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Jackie Schuld Art Therapy Blog

Is it Possible to be Happily Partnered as an Autistic Adult?

I wasn’t sure I’d date again. Well, that’s not quite right. I knew I could go on dates. I wasn’t sure I was capable of being in a long term relationship.


I found out last year that I’m autistic. It made a lot of disparate nonsensical aspects of myself and my life make sense - especially how much difficulty I’ve experienced in relationships.


It made sense why I’ve had little trouble starting relationships, and much trouble after about two weeks.


It made sense why my dates got so frustrated with my varying levels of emotion. They were intoxicated by my enthusiasm and excitement, then perplexed and frustrated by my low energy and frequent need to recuperate.


It made sense why I had different expectations of others than others seemed to have of me.


Many, many other components made sense. It also made me wonder if I would ever be able to be in a successful, happy long-term relationship. I wasn’t sure if:

  1. I could find someone I liked enough to remain interested in

  2. Someone would like and tolerate me well enough

  3. I could tolerate being in a relationship


I still tried dating though. Given I don’t run into many people in a day (and of those few they are mostly my therapy clients), I decided to try online dating.


It felt foreign and difficult. Neurotypical or neurodivergent, I think most people find online dating to be difficult.


Conversation after conversation, date after date, I began to feel more and more confirmed in my worries that I wouldn’t find an adequate partner.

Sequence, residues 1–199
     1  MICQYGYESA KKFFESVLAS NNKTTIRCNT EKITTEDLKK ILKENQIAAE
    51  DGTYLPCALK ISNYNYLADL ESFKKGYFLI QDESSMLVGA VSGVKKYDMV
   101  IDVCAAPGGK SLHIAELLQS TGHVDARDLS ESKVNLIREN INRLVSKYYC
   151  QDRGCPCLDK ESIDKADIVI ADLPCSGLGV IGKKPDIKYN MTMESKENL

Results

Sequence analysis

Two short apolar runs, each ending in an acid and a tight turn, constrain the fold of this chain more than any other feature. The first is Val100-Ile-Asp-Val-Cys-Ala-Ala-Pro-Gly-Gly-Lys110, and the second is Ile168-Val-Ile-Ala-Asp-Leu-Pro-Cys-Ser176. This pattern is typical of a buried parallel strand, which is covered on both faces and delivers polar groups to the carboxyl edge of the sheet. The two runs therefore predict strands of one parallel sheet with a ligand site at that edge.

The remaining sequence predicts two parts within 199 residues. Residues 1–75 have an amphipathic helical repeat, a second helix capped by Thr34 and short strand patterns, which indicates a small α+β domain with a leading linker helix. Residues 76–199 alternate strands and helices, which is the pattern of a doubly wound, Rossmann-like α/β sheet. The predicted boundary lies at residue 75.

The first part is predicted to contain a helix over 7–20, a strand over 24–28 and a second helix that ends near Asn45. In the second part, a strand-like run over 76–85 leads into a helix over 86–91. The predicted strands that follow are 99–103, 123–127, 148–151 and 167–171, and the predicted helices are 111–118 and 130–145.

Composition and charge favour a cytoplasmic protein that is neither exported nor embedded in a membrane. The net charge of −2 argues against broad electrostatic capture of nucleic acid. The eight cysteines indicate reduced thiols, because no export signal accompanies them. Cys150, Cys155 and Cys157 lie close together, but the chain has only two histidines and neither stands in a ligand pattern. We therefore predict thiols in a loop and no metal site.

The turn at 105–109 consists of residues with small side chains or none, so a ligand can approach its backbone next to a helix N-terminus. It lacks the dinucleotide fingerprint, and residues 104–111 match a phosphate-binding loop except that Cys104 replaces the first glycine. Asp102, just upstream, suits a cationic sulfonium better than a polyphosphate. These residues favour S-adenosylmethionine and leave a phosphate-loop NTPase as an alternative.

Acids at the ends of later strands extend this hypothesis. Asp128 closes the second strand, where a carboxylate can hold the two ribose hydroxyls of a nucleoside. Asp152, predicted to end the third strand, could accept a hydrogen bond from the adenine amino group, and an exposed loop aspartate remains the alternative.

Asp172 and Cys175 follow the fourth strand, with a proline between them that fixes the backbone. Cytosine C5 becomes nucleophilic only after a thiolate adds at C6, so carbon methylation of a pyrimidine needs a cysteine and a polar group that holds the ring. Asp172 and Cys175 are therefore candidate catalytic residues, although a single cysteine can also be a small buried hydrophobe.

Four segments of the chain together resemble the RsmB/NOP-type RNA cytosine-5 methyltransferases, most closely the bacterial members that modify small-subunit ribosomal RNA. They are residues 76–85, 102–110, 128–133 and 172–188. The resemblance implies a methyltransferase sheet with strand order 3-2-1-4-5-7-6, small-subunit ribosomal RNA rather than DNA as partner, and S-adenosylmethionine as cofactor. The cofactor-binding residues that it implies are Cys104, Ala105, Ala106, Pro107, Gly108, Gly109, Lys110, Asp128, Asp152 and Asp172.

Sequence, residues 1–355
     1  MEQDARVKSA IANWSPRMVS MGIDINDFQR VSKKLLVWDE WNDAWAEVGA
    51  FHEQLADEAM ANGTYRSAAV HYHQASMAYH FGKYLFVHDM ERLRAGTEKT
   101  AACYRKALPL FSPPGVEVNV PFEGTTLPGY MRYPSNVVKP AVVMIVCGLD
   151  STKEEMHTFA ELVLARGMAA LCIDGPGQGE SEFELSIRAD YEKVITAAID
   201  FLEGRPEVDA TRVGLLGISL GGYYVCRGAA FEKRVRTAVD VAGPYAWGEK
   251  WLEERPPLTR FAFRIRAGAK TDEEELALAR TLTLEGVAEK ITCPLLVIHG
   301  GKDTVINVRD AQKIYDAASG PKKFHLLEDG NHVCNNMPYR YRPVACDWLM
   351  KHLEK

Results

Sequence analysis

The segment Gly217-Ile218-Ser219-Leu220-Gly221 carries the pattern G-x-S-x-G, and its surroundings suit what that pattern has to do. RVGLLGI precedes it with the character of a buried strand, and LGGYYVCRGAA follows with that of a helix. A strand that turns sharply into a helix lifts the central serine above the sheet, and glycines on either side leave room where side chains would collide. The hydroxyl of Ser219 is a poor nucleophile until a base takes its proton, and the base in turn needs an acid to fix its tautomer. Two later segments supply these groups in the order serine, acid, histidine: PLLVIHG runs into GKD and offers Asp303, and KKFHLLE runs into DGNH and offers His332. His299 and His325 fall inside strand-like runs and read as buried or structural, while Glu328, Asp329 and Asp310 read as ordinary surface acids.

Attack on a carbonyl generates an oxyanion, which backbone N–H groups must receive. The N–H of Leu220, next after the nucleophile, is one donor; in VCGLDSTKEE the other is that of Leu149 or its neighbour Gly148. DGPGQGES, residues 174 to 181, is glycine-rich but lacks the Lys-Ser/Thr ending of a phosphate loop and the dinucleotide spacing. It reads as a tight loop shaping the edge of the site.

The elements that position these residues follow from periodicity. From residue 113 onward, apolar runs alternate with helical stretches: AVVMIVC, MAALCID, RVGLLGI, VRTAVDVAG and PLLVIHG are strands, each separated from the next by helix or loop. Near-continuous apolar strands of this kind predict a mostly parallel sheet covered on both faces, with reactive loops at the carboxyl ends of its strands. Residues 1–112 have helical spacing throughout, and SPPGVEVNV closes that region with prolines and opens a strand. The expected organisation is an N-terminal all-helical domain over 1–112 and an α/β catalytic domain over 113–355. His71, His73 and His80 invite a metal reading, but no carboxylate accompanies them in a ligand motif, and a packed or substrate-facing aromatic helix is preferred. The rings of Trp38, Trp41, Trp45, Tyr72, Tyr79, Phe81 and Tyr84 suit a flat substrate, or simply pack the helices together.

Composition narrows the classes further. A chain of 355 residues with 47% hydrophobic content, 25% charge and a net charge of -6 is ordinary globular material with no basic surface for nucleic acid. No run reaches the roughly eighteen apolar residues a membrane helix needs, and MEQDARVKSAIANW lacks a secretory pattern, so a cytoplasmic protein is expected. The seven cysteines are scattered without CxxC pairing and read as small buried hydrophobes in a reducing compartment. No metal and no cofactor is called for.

I knew if I were to ever find someone and acclimate them to my life, they better be absolutely worth it. I spent a lifetime compromising and I was done.


I had a strange list in my head, but a list nonetheless. My list was so long that I resigned myself to being single.


Furthermore, I know it’s about more than a list. It’s about finding someone that you can share a life together. Enrich each other and discover new things about the world and each other. To develop with time.


Regardless, I knew it would be a hard thing to find. Furthermore, I had come to love my single life so much that I simply wasn’t willing to give it up if the person did not meet the above.


In many ways, I had also become prideful about my single life. Proud that I could provide myself with everything I needed. Proud that I could be happy on my own. Proud that I had made a life fully my own.


Autistic Art Therapist Jackie Schuld shares a sketch of a mole and duck together in a den.
"Happily Partnered" Illustration by Jackie Schuld

And then I did meet someone.


Where it felt natural. Where it felt easy. Where each time we talked I found another item on my list. When we finally met in person, it was even better than our endless text conversations.


I’m still in shock. Every single one of the above was met, and thensome. Part of me feels like it has to be a little nod from heaven for it to have worked out this nicely.


When I’m with him, it feels so natural that I forget I’m an autistic in a neurotypical world. I don’t feel othered. I feel belonged.


This is a more personal essay than I typically share. I usually choose to not share about my romantic life. However, I’m choosing to share this essay because I want other autistics to know it is possible to find someone who appreciates who you are as an autistic person. Who can roll with your quirks and unique ways of being. I also want fellow autistics to know they don’t have to compromise with subpar or unhealthy relationships.


It is perfectly fine for us to remain single, but is also possible for us to be happily coupled.

 

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